Stemcells and inflammation – Lou Brundin's research group

The effects of inflammation on neural stem cells

Stemcells and inflammation

During injuries and inflammation in the central nervous system neural stem/progenitor cells are activated to migrate into the injury. A limited replacement of the injured tissue can be achieved by differentiation of the progenitor cells. The replacement of oligodendrocytes which occurs in the early phases of multiple sclerosis is an example of this mechanism.

Our group works to identify mechanisms important for the regeneration from progenitor cells and how these mechanisms are affected by inflammatory mediators. We have demonstrated that some components in the inflammatory cascade such as nitric oxide can change the fate of the progenitor cells and hampers neurogenesis. We have also demonstrated that progenitor cells carry receptors which on stimulation can cause the release of proinflammatory cytokines from these cells. The aim of our research is to improve the restoration and limit the injury by preservation of restorative mechanisms in the CNS. Our research group consists of neurologists, neurosurgeons and neurobiologists.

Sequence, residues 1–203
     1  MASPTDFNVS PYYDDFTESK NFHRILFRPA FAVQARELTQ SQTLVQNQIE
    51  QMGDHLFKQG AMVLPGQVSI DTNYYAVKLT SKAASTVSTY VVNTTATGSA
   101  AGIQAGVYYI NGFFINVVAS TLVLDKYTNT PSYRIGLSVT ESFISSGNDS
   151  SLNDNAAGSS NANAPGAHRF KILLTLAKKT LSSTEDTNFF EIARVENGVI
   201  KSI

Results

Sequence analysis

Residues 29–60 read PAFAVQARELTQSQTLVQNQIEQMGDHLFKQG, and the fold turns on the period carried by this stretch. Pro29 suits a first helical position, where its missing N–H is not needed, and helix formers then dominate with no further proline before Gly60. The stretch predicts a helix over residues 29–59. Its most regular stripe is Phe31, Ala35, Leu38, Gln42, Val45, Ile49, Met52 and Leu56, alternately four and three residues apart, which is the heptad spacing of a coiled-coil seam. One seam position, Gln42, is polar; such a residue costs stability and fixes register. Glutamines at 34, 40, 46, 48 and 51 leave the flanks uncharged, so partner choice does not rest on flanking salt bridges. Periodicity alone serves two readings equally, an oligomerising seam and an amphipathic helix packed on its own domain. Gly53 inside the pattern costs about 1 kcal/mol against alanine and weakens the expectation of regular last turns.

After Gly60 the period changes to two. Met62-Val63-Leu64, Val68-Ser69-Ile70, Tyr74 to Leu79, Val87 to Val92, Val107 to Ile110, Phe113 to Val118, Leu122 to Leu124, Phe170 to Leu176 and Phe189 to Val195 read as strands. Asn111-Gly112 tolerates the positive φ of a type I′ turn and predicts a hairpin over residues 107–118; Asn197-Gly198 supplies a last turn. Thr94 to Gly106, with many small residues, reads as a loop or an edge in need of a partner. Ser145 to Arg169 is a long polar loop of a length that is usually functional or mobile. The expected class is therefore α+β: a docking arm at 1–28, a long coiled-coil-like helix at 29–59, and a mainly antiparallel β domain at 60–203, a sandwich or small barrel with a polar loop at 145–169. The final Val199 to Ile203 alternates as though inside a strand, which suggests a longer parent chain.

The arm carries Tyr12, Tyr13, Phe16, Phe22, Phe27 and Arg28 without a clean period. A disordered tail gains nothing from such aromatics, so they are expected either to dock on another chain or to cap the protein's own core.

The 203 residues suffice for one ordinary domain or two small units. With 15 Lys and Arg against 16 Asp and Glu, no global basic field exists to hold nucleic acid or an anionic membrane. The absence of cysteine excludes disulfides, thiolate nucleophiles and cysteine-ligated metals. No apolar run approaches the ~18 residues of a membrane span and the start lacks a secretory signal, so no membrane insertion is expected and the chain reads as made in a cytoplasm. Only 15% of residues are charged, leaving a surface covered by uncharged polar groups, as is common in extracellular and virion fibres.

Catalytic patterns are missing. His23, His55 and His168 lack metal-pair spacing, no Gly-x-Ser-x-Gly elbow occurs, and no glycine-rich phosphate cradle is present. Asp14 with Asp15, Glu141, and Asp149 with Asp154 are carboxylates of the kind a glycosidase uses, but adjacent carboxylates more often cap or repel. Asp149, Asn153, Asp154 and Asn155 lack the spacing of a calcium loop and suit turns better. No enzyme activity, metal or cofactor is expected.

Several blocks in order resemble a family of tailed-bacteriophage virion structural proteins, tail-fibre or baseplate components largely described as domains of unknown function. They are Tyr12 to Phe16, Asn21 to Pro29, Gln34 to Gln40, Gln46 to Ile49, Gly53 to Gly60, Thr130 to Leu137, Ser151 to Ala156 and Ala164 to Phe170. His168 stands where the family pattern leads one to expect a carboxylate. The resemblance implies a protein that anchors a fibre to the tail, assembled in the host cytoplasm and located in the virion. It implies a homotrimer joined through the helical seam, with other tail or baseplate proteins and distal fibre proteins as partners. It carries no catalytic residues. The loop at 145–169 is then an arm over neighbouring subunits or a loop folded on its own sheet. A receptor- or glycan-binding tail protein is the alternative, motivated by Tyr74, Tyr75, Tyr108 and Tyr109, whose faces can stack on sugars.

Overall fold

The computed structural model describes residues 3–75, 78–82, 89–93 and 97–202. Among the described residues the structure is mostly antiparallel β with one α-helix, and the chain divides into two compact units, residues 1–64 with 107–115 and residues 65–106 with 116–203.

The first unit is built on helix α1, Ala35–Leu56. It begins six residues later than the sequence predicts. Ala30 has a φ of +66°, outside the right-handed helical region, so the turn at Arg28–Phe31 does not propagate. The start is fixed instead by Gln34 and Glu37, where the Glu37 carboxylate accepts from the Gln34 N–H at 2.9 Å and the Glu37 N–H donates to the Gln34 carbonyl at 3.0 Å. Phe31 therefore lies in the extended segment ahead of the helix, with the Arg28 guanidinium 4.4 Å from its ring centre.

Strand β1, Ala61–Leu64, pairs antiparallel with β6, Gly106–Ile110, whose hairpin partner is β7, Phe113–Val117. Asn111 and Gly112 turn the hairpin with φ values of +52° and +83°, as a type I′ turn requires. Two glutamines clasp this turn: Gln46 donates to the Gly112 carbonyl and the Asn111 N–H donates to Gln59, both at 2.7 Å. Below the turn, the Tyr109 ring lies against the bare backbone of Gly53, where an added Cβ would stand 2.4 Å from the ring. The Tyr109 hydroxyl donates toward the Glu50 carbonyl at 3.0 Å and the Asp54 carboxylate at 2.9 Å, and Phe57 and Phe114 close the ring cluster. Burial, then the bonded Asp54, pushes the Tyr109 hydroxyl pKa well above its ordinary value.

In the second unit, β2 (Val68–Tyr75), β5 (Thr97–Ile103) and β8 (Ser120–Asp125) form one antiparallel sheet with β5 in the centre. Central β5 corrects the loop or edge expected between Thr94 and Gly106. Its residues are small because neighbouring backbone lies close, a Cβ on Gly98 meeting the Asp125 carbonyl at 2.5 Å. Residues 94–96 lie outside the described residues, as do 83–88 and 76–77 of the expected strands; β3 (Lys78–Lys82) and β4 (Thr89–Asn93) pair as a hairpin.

Research Projects

  •     Adult neural stem cells in neuroinflammation
  •     Neural stem cells a potential source of remyelination in neuroinflammatory disease
  •     Neurogenesis in the adult spinal cord experimental models of multiple sclerosis
  •     Effects of nitric oxide on neurogenesis from adult neural stem cells
  •     Proliferation, migration and differentiation of neural progenitor cells
  •     Biomarkers for disease activity in multiple sclerosis
  •     Mesenchymal stem cell transplantation in multiple sclerosis

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Selected publications

Staff and contact

Group leader

All members of the group